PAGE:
The anticipation of election season is radiating all across the geopolitical landscape as voters cast ballots in favor of the direction they want their government to lean for years to come.
Election season is among us. Throughout the international community various states and governments are up for drastic political change or possible re-election.
Notably the elections in Ukraine, Australia, and Turkey have been headline worthy, while the European Parliamentary elections are underway, and presidential elections in Afghanistan and the United States come into cycle.
Two of the biggest eye worthy outcomes within this period have been the re-election of Prime Minister Narendra Modi in India, and the resignation of Prime Minister Theresa May in the UK.
This week, Modi was re-elected to a second 5 year term in a landslide victory in the largest democratic elections on the planet, with a historical 67% voter turnout. Recent events such as the terrorist attacks in Kashmir, refusing to stand down in the face of an arms race with perpetual rival Pakistan, a healthy economy, and securing India’s title of being a space superpower, undoubtedly influenced voters decisions at the polls.
As a result Modi and his BJP party will remain in power for the next 5 years and likely continue pushing the non aligned position India has taken regarding geopolitical relations, choosing to do business with both sides of the aisle despite international tension.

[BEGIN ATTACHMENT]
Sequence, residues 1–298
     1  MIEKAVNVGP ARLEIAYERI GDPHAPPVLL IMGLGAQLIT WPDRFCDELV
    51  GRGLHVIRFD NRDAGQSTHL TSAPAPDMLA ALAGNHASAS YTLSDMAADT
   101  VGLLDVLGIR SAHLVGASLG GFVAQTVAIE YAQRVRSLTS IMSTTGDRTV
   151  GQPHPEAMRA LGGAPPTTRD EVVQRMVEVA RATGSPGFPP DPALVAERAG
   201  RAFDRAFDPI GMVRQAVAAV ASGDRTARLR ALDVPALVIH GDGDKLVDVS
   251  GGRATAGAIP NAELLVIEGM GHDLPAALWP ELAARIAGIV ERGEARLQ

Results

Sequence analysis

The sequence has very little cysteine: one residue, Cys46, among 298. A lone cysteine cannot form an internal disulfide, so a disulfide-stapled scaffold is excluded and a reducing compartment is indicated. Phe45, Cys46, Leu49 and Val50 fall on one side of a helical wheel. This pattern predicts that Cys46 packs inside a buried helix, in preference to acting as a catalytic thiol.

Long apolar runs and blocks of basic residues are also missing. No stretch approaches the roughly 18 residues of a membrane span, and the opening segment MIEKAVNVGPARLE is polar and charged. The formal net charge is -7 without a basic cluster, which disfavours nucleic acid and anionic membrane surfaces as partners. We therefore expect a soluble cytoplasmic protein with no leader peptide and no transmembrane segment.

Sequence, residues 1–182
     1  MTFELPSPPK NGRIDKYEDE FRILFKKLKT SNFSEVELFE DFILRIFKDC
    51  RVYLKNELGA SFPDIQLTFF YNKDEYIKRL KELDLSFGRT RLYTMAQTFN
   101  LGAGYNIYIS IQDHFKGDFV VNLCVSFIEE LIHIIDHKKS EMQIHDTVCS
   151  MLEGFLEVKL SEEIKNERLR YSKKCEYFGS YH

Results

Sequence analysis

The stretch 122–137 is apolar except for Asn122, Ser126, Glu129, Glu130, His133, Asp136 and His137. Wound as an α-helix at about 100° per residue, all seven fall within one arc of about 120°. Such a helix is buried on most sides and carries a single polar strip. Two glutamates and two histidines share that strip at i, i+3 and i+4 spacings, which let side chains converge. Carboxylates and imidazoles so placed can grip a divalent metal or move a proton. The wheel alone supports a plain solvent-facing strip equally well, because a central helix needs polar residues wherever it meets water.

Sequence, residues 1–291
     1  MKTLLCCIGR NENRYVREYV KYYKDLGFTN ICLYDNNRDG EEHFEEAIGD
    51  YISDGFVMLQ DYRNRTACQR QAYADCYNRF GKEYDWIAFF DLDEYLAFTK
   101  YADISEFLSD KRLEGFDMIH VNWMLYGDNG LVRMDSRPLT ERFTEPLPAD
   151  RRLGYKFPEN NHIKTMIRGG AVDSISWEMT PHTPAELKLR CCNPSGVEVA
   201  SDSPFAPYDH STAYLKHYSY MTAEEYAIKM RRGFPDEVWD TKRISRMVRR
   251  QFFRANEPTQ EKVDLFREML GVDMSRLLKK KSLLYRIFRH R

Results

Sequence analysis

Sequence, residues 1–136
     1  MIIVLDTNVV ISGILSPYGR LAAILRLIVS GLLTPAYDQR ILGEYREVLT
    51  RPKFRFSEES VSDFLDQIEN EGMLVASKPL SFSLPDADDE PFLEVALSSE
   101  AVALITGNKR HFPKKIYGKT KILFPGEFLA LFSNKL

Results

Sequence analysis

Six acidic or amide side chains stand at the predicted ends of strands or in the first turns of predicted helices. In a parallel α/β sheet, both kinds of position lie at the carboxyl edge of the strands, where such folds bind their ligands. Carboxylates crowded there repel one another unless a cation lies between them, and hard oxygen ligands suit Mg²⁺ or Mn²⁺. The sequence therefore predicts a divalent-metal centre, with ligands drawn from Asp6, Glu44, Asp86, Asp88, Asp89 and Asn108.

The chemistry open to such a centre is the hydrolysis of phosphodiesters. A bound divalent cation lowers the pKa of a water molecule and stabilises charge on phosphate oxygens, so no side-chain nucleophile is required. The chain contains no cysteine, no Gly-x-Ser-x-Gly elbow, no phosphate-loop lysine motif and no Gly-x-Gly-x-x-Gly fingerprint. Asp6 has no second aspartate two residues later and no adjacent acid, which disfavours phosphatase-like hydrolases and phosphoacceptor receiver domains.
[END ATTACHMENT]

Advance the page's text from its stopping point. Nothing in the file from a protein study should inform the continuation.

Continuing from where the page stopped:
The future of India with Narendra Modi at the helm, by the vast majority of estimates, appears to be fruitful, but his major victory has not been without grave challenges.
Under Modi’s leadership India has seen an incredible devotion towards pursuing economic growth. The Central Statistics Office in February released a report that forecasts Indias economy to grow 7.2% in 2019, faster than the previous years 6.7% expansion. Manufacturing sectors are expected to grow by 8.3% compared to the 5.7% increase in late 2017 through 2018. Similarly Gas/Electricity and construction sectors are forecasted to thrive, reaching 9.4% and 8.9% growth.
In light of the February terrorist attacks in Indian administered Kashmir and increasing arms race taunts with Pakistan, Modi has vowed to strengthen India as an ascending world superpower. From fully endorsing the series of air strikes India carried out within Pakistani territory targeting the terrorist militia Jaish-e-Mohammed after it left 44 Indian police officers dead in Kashmir, to successfully test launch a “satellite killing” ballistic missile, and embracing the arms race with its neighbor Pakistan, Modi has beyond any doubt proven that the age of familiar Indian non-alignment policy making is long over.
4,7000 miles westward, you’ll stumble upon a completely different scene. There you will find a leaderless Great Britain somehow managing to sink even deeper into the cesspool of mismanagement that is the Brexit negotiations.
After the introduction of several different plans to leave the European Union, all of which have been killed on the parliament floor, prime minister Theresa May has announced her resignation, effective June 7th.
The nomination of her successor, one to throw their own hat in the Brexit ring, is forecasted to take at least 6 weeks, time May said she is prepared to remain until.
Rumors and speculation are plenty in number regarding whom the Conservative Party will nominate as May’s successor. Popular contenders for the position include former Foreign Secretary Boris Johnson, current Foreign Secretary Jermey Hunt, Environment Secretary Michael Gove, and Defense Secretary Penny Mordaunt.
Long overdue, the 2016 referendum outcome of the British people has fallen subservient to the complexity of dull negotiations regarding the terms of relations within the European Union common market, Visa restrictions, and the possibility of a hard border within Ireland, once Britain departs.